Thursday, 18 September 2014

Solving Climate Change Will Cost Nothing, Sort Of

On Tuesday the Global Commission on the Economy and Climate launched its report, Better Growth, Better Climate, in which it makes the bold-sounding pronouncement that major steps can be taken to address climate change that cost nothing. Over the next 15 years we will spend some $90 trillion in infrastructure investment. "Our argument is that it would be smart to invest the $90 trillion in a good way," said Jeremy Oppenheim on APM Marketplace on Tuesday.

In a way, we have always known this. The question has always been, can you measure and quantify the risks and the known harms from climate change? Even if there remain uncertainties, it is increasingly incredible to deny that the balance of climate risks and mitigation costs tilts in favor of deep emissions reductions. So why do we still debate it? Why does it still seem as though reducing emissions is costly?

The answer goes back to my previous post, in which we do not explicitly grapple with the "losers" from climate policy, coal-related industries and states, petroleum industries, states, and countries, and all of the related industries. There is a lot of capital, physical, human, and social wrapped up in a lot of industries and places, and they may not be able to do much other than what they're doing, which is to continue to service a greenhouse gas-intensive economy. In theory, we could buy them out with the cost savings of avoiding all those climate harms. But in practice, we just don't have the money.

Wednesday, 17 September 2014

Wind and Sun Conquerors of Fossil Fuels and Fossil

The New York Times ran an article Sunday about how Germany is rapidly expanding its wind energy capacity, and realizing unexpectedly lower costs because of economies of scale never before seen in any non-hydro renewable energy industry. Large demand from Germany, Denmark, and a hanful of climate-conscious countries has helped induce the entry into the sector from Chinese businesses, which of course benefit from government support.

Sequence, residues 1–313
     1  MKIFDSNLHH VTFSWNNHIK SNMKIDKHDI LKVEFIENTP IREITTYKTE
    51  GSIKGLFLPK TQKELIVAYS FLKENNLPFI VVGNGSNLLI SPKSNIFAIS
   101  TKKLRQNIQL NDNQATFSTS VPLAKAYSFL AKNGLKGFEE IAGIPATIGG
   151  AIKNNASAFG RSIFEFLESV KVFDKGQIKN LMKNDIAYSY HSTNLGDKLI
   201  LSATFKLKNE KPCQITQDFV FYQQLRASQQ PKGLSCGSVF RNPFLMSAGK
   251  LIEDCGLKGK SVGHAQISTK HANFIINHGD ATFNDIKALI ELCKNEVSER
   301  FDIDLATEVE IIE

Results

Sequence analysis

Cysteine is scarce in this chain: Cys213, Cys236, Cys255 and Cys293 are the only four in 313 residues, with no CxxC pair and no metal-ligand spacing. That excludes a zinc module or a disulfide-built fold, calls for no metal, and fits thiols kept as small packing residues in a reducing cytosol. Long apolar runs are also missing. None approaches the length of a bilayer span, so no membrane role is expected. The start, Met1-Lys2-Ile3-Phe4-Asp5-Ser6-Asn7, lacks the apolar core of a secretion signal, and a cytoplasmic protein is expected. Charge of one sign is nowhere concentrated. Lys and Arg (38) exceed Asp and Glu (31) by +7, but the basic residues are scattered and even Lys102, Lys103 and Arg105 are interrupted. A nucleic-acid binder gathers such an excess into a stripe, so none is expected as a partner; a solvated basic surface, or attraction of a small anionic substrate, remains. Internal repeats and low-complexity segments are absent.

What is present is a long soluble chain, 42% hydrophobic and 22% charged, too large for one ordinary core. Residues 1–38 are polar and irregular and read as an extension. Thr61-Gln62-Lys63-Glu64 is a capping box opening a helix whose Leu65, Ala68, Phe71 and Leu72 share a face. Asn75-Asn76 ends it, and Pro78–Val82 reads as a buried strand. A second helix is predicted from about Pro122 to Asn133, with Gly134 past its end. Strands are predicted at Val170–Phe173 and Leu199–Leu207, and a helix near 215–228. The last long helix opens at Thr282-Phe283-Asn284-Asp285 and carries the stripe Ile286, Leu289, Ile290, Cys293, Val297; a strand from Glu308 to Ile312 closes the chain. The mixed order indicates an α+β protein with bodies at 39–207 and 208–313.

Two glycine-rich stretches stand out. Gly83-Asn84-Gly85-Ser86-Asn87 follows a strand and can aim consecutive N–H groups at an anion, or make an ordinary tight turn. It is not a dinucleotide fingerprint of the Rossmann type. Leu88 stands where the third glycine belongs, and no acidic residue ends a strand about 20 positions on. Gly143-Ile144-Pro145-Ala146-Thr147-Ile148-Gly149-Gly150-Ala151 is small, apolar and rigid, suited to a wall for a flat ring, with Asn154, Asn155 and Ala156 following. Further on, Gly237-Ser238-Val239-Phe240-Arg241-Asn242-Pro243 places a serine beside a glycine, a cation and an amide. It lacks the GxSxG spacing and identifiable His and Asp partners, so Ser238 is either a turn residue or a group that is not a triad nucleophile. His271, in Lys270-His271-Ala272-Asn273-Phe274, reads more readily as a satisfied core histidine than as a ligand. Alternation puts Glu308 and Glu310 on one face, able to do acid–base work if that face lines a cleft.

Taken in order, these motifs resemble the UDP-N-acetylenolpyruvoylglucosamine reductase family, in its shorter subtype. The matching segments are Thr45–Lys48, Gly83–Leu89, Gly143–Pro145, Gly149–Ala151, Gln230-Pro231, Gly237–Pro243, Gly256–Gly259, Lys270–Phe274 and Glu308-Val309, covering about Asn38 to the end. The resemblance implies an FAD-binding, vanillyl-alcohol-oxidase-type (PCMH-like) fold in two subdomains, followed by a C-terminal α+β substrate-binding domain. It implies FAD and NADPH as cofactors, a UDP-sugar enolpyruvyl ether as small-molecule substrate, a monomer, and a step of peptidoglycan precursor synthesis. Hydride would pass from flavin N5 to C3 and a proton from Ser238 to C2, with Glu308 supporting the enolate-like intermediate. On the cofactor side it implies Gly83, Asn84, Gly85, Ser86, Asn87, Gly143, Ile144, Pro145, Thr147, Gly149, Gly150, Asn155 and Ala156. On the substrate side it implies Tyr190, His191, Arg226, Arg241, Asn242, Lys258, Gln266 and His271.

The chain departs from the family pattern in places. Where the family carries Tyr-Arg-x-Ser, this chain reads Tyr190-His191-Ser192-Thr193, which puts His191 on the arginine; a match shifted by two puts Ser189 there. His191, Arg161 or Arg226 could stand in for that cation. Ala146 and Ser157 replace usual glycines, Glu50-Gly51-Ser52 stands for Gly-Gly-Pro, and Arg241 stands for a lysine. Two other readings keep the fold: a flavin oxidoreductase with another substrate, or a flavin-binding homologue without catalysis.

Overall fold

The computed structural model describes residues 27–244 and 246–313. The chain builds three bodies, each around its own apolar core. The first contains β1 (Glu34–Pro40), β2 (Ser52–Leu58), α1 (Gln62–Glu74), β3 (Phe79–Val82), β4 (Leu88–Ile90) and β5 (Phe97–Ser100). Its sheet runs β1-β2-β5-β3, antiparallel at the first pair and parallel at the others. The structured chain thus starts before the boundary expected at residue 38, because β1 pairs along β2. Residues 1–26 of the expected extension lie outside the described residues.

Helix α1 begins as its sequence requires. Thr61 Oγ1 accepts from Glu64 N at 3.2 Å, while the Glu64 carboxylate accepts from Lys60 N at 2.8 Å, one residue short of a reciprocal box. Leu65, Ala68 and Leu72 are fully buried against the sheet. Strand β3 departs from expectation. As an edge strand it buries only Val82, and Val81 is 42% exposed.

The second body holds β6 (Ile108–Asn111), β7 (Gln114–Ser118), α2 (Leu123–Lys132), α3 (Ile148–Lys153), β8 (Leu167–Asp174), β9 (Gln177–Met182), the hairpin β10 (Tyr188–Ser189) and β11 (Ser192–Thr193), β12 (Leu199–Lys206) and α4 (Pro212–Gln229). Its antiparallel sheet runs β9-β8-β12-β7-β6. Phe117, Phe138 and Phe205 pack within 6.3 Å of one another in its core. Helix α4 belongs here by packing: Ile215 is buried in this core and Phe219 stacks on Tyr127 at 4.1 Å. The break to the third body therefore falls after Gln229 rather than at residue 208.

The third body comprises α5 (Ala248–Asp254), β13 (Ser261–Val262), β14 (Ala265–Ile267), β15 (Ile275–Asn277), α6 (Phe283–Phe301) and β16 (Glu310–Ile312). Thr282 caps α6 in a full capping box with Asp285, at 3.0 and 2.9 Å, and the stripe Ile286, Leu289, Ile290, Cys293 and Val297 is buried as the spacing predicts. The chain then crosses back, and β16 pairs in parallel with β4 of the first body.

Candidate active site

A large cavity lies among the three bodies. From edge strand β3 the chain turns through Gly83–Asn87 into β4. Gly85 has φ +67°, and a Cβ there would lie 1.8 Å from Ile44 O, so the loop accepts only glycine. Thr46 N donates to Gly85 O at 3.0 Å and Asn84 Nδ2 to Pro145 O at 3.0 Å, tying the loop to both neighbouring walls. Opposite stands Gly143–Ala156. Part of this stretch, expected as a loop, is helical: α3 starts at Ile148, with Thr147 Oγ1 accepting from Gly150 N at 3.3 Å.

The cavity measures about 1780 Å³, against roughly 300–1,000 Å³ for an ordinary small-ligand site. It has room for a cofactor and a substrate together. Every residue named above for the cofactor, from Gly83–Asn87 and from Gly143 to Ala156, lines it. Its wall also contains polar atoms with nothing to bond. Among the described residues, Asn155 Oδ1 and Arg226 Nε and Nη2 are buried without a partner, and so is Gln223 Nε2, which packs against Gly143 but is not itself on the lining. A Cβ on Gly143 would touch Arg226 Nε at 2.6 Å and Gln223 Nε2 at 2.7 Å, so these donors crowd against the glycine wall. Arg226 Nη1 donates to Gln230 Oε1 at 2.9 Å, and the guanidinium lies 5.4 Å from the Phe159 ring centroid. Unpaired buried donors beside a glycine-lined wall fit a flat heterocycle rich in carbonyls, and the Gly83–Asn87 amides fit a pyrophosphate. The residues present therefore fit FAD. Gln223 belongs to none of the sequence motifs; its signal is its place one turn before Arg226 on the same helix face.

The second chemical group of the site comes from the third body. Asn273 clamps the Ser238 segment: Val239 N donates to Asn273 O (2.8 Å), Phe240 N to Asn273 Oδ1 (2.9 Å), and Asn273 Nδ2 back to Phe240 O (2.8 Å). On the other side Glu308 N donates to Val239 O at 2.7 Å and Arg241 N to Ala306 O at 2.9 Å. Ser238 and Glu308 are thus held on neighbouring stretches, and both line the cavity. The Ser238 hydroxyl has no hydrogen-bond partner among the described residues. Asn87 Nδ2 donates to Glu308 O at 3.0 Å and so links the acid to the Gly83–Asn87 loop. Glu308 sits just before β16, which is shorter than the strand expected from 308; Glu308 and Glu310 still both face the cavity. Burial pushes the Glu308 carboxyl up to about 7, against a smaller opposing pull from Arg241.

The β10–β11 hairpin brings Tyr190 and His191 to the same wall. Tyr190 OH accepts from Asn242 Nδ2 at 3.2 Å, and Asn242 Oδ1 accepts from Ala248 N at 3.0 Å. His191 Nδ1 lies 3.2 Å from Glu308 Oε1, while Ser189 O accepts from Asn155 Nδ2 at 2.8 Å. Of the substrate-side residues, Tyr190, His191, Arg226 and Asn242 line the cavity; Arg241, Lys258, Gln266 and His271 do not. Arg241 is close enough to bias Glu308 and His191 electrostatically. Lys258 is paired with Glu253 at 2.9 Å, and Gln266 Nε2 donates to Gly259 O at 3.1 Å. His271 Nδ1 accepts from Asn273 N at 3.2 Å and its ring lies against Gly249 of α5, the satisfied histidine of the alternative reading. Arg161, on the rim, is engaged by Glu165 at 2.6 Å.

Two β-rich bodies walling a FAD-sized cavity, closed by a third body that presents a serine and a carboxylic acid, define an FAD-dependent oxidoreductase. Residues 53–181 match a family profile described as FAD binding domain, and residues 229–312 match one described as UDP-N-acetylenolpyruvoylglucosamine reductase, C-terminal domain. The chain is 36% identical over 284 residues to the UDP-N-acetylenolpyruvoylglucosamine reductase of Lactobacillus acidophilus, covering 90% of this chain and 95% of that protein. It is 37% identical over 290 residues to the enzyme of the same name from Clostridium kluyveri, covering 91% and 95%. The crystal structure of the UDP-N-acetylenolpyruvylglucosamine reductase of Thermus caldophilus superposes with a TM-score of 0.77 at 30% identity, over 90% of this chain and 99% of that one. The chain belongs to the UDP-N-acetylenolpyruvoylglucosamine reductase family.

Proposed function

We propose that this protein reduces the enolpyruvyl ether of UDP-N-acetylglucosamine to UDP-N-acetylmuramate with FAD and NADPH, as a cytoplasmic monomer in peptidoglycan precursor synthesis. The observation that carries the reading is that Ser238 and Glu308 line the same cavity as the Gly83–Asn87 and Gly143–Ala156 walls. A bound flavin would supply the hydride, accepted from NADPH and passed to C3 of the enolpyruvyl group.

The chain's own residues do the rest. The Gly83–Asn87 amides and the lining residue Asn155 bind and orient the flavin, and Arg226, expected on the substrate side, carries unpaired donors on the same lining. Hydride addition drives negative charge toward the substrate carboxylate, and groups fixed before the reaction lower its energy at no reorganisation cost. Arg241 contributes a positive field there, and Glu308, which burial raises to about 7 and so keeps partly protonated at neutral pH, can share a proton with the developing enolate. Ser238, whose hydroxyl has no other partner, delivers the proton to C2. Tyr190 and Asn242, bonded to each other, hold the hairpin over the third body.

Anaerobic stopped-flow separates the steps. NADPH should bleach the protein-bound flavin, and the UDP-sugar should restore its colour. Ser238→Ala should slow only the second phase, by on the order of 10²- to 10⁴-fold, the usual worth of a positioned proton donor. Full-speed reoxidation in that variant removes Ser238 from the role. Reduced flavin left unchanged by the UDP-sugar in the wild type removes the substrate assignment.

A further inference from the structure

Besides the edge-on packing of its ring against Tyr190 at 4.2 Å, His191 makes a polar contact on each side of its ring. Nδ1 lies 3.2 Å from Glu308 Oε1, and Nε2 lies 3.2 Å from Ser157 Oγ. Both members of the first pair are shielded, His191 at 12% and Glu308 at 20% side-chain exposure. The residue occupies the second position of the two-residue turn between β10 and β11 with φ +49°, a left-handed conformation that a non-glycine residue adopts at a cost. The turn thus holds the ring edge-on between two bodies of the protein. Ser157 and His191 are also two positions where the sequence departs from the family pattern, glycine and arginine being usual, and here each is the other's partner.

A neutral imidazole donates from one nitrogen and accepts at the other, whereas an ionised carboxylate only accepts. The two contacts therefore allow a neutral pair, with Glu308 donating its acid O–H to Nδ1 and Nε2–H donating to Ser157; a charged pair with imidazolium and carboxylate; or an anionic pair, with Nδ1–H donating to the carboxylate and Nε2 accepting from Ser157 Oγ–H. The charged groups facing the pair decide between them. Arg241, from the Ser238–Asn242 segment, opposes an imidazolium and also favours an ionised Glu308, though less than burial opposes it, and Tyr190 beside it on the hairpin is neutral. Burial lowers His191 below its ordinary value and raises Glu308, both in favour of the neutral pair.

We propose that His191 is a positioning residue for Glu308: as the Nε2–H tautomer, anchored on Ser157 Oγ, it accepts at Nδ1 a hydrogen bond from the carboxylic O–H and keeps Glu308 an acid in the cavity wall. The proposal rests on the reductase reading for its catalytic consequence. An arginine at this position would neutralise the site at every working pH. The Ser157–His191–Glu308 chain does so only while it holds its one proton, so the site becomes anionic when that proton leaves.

The question that hangs over environmentally-focused groups is why don't American utilities seem to be so intransigently wedded to fossil generation? This article seemed to point to the unease of utility executives. My theory is that in addition to a lot of physical capital in the industry, there is a lot of human capital tied up on fossil fuel extraction, transmission, and combustion. Economist and former Enron official John Palmisano used to talk about how he went around the country talking to utility executives, and made what he thought was a pretty strong case for switching to natural gas away from coal. The objection that seemed most heartfelt was that "[Utility Company X] was a company that is the coal-burning business, not the natural gas-burning business. Assuming we could retrofit coal plants to accept natural gas, what would do with all the people that know how to handle coal but not gas?" Add to that the infrastructure demands (gas pipelines, e.g.), it starts to look very difficult to switch from coal to natrual gas, or anything else. If it is that hard to get utility execs to think hard about another fossil alternative, it becomes even harder to think about non-hydro renewable energy sources. But it is not narrow-mindedness per se; it is form of capital that is specific to one way of doing things, and is not easily transferable to another way of doing things. That difficulty may be illusory, but it at least appears to those embedded in the fossil industries as very difficult.